A woman concerned in the supply of drugs from her Lerwick home and her former partner, who grabbed a police officer by the throat, have both been jailed.
Simon Cooper, 32, and Paula Flaherty, 35, were handed sentences of 16 months and two years respectively for the offences.
At Lerwick Sheriff Court on Wednesday the court heard how the case was “effectively a roll-up” of two separate instances of police seizing cannabis from a Nederdale address occupied by the pair and how Flaherty’s offending had continued even after the first seizure.
Flaherty admitted being concerned in the supply of cannabis while her former partner pleaded guilty to assaulting two police officers. The charge stated that at one point Cooper seized an officer by the neck and compressed his throat.
Fingerprints, signed-for packages of drugs, an examination of bank accounts and CCTV footage all formed parts of the evidence against Flaherty. She was found to be concerned in the supply of the Class B drug between 1st February and 31st October 2017.
Police first became aware of the offending last year when they acted upon intelligence that a package of drugs was about to be delivered to an address occupied by the pair.
On executing the search warrant the police recovered a grinder, two sets of scales “of the type commonly used for weighing small quantities of drugs” and two signed for packages of cannabis – one opened and one unopened.
Procurator fiscal Duncan Mackenzie said the packages contained a total of 228 grammes of cannabis, worth up to £3,860. The cannabis had been separated into “small deal size packets”, he said. Fingerprints which were taken from the packages were found to belong to Flaherty.
From here “significant enquiries into her finances were carried out and it was as these protracted enquiries were being carried out that police made a second seizure from her address”, Mr Mackenzie said.
On that occasion police had attended the address owing to “concerns” about Flaherty’s then partner Cooper, formerly of the Nederdale address, now of Hoofields.
When inside the address police detected a “strong smell of herbal cannabis emanating from two packages behind the door”. A total of 57 grammes of cannabis was found with a value of up to £955.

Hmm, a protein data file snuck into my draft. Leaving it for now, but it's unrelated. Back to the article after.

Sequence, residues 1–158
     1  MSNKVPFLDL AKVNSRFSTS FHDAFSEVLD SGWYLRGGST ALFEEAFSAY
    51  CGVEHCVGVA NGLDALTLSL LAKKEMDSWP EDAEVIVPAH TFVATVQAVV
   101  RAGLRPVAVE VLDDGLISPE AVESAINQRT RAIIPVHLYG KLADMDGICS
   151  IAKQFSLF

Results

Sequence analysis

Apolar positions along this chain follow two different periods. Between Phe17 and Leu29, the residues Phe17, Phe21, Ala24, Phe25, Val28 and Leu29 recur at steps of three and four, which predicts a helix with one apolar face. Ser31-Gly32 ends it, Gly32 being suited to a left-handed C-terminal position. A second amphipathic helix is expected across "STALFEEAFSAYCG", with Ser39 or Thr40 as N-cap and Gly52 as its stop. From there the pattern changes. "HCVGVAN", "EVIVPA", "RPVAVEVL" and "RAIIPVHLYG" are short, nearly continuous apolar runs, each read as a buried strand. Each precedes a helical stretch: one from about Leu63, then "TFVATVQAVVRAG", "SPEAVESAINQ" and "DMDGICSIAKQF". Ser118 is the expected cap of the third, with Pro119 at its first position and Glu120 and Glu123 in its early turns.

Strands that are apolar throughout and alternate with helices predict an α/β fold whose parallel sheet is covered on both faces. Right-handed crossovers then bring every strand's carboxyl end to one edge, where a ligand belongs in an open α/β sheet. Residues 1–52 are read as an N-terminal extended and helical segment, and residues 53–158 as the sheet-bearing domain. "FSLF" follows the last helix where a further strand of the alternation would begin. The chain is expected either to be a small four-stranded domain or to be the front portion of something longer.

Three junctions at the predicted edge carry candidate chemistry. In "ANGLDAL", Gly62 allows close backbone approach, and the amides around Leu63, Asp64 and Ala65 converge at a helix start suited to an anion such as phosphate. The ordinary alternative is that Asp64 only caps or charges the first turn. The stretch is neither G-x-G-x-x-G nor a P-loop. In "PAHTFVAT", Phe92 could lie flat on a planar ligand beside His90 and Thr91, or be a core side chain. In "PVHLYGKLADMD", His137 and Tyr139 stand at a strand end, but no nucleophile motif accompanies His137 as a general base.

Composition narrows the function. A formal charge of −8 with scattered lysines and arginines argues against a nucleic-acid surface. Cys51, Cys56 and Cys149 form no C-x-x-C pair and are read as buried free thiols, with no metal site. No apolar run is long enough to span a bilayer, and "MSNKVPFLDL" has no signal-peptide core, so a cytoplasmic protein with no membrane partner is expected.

On 31st October, when police attended the address again, Cooper “became extremely aggressive”.
At one point he grabbed an officer by the legs and lifted him off the ground in a move that was compared to a rugby style “dump tackle”. Cooper later grabbed one of the officers by the throat and compressed.
Search warrants were executed and bank accounts belonging to Flaherty were examined. It was found that she was paying substantial sums of money into her accounts by cash deposit. This was supported by CCTV footage which revealed that she would sometimes make more than one deposit per day.
Solicitor Gregor Kelly, representing Flaherty, asked Sheriff Ian Cruickshank to bear in mind that she was a 35-year-old first-time offender. He noted that her relationship had been a “toxic one” and added that background reports suggested she was unlikely to re-offend if she remained single.
Cooper’s defence agent Tommy Allan said a background report stated that his client “repeatedly expresses remorse”. Mr Allan added that Cooper struggled with his emotions and had a borderline personality disorder.
Cooper himself had written a letter to the court which was handed over to the sheriff. He asked for 15 minutes to deliberate on the case, but when he returned any hope the pair had of being dealt with without a custodial sentence was shattered.
To Flaherty the sheriff said: “I fully appreciate that personal circumstances can affect the choices we make … [but] the fact remains that you chose to become involved in the supply of drugs.”
He added that Flaherty had chosen to continue in her “venture” even after the first seizure and sentenced her to two years in prison.
The sheriff then dealt with Cooper, whose actions he referred to as “vicious”. He sentenced him to 16 months in prison.